Has anyone heard Solti's early recording of the M4? It is supposed to be excellent and yet it has been OOP for a while. I'm ordering used from a vendor in New Zealand no less, so who knows when it will arrive. Apparently shipping is costing me more than the cd.
My top 3-4 versions each Symphony to date:
1)Bernstein/DG + Solti/LSO/Decca Legends + Kubelik/Audite +
2)Bernstein/Sony + Solti/CSO/London + Rattle/EMI + Mehta/Decca Legends
3)Horenstein/Unicorn + Bernstein/Sony + Rattle/EMI + Barbirolli/BBC Legends
4)Szell/Sony + Renier/RCA + Inbal/Dennon + Bernstein/DG
5)Bernstein/DG + Kondrashin/Melodiya + Sinopoli/DG + Brabirolli/EMI GROTC
6)Mitropoulos/Great Conductors 20th + Bernstein/Sony + Kondrashin/Melodiya + Szell/Sony
7)Kondrashin/Melodiya + Bernstein/Sony + Solti/London + Abbado/CSO/DG
8)Solti/Decca Legends
9)Ancerl/Supraphon Gold + Kondrashin/Melodiya + Bernstein/BPO/DG (live) + Karajan/DG (live)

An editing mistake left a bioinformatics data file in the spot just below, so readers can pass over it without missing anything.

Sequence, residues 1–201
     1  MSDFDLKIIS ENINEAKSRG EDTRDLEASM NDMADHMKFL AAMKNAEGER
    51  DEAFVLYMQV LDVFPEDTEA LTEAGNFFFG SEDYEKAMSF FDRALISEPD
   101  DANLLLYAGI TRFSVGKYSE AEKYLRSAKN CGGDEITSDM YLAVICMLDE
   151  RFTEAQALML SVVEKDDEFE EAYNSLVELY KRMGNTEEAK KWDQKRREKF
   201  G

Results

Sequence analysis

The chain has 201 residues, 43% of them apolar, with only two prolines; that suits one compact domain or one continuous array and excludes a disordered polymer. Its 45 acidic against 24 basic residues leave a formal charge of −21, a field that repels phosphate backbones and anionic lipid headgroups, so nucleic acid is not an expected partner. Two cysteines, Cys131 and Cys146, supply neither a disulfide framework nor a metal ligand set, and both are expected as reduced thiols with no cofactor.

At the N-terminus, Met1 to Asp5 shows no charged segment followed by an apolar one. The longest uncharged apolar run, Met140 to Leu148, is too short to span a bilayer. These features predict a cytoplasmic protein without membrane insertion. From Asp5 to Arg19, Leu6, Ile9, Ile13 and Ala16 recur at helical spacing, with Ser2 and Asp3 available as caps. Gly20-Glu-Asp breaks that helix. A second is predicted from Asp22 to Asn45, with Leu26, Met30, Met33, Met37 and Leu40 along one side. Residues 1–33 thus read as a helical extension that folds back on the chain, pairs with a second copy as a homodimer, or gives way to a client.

10)Rattle/EMI

My reference remains Szell/Sony for 4th despite fierce competition on all quarters.......I may get Reiner hybrid if yourmusic.com carries it, but I do not have SACD player.

If you picked up the Mehta/Decca Legends 2nd I think it is one of the very best, even though normally I am no fan of Mehta.......a real eye opener for me.

I do have the Solti/CSO/London 4th from complete Solti set, But I believe you are looking for another performance.
post #1323 of 3714
Thread Starter 
Quote:
Originally Posted by Mark from HFR
I can see his point. I enjoy the Mahler 4ths by Jascha Horenstein and Benjamin Britten; the former is one of the slowest, and the latter is one of the fastest.
The Horenstein 4th is indeed the slowest I have ever heard.......I don't really like it but keep it around for reference of extreme performances.